Tracking Being in a February Melt
by Vivian I. Zumstein
In a whir of wings, birds scatter from my feeders as I step outside. I spy the red flash of a cardinal, flamboyant among the rest of the flock clad in subdued tones of grey, brown and black. A brazen chickadee flits to a nearby branch chirping his displeasure, ordering me away.
Snow lingers, but the sun is bright in a clear, blue sky as the temperature climbs toward 40 degrees. After two weeks of sub-freezing weather, the day feels almost balmy; yet the air retains the crisp, clean smell of winter.
My dogs frolic. Too many days indoors have made them antsy. Sunny, a young yellow Labrador, dashes toward the street. Pika — a smaller and older honey-colored mongrel — stays closer, but she, too, is itching for a walk.
Down the hill, the community’s common area is large, open, and isolated. Dog heaven. Sunny and Pika disappear to explore the woods. I know they haven’t gone far: I can hear them crashing about.
Slipping into a childhood game I played years ago in tame suburbs, I imagine I am an Indian investigating the field.
Evidence of previous visitors abounds. Most tracks I can identify: squirrel, rabbit, dogs, only a few humans. Sneaker treads lead down to a picnic table, where cigarette butts dot the ground. Teenagers.
Three sets of deer tracks traverse the ground. I inspect them, surprising myself by what I can surmise. Close together, I can tell these deer were in no hurry. They were here recently. The tracks go deep — all the way to the ground beneath, revealing dark, sharp imprints of the deer’s twin crescent-shaped hooves. I follow the tracks to the edge of the woods, noting they continue up the hill toward my house. Hmm, I muse. These deer are probably responsible for the clandestine overnight pruning of my azalea bushes.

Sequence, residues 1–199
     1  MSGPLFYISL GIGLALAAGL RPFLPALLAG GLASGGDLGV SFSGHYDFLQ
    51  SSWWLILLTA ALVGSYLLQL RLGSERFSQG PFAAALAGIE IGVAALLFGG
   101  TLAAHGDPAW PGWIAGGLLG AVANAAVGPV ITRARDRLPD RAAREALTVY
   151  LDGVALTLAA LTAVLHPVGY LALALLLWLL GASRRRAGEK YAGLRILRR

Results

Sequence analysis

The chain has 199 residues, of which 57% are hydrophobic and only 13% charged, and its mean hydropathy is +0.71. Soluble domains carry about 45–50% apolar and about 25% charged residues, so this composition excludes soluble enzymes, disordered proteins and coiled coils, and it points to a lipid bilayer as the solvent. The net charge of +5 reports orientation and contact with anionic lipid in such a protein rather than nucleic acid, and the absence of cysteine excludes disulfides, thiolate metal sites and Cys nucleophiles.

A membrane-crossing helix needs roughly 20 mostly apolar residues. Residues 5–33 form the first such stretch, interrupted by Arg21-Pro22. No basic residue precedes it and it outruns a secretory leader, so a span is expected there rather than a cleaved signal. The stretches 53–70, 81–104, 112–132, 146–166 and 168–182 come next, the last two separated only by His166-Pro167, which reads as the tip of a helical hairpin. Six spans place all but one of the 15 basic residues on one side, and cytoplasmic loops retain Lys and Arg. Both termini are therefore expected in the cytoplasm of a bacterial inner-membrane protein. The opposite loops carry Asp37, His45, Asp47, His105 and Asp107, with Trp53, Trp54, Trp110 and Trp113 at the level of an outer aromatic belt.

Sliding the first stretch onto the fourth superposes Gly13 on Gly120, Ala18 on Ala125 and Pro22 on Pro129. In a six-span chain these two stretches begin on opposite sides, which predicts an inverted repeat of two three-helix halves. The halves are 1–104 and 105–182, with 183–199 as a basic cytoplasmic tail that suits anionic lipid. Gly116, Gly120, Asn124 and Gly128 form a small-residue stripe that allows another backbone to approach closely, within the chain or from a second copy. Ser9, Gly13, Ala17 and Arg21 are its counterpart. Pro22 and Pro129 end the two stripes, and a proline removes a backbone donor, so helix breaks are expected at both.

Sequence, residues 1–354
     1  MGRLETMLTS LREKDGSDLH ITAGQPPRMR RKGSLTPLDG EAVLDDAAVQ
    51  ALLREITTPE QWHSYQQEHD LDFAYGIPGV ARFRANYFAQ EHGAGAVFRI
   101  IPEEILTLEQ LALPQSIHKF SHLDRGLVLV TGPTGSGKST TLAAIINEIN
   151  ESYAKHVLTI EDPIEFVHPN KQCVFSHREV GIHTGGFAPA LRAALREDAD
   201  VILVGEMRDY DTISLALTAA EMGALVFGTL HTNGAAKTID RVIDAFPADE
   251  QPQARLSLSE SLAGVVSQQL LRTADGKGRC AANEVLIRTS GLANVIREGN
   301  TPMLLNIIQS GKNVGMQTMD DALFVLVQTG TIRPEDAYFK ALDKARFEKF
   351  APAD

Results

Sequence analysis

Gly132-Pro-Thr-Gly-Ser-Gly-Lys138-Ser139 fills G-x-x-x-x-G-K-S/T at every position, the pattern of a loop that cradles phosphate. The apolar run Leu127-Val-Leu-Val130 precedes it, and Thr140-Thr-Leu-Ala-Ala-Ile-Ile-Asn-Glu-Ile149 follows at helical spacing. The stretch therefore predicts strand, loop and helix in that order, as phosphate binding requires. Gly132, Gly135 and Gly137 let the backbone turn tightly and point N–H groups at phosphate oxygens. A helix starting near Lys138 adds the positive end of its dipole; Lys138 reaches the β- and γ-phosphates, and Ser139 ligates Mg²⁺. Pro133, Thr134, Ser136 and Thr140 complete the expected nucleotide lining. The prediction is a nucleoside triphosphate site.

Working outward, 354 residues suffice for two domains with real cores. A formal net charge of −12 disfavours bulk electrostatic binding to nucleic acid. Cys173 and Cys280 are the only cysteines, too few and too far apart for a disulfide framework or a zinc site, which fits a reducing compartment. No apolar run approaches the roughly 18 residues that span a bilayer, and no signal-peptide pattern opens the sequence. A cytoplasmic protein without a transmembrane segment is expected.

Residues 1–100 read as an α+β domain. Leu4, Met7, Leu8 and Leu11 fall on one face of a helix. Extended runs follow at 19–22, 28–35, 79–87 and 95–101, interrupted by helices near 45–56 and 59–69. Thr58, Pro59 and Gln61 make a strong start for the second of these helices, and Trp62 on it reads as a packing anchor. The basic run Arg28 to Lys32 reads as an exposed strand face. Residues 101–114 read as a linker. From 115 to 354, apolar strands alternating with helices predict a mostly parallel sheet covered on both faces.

One set of tracks I cannot identify. Puzzled, I bend low to examine them. They are close together and disrupt only the top layer of earth. It was something light and small, about Pika’s size. Perhaps lighter. The foot imprint is indistinct, but the paw looks small, compact and round. I think I see the hint of a long tail sweeping behind the tracks. A fox, perhaps?
Then I come upon marks I needn’t guess at. The outlines of four snow angels remain, evidence of wanderings my children and I made in the recent snowstorm.
Suddenly Sunny bursts from the woods. She barrels toward me, eyes shining, tongue lolling. Moments later, Pika emerges. Seeing her, Sunny drops to the ground, initiating their choreographed greeting game. Pika stands stock still as Sunny inches forward on her belly before launching herself at the much smaller dog, her powerful strides devouring the distance between them. Pika waits. Just as Sunny leaps, Pika tiptoes to the side with the grace of a pro quarterback avoiding an oncoming blitz. Sunny skids to a stop, wheels and makes a slower attack. Mock snarls and snapping teeth complete the ritual.
I laugh, calling the dogs to heel. They fix me with baleful stares but fall in by my side. Time to go home. We huff and puff up the steep incline, our lungs full of sweet winter air and our souls refreshed.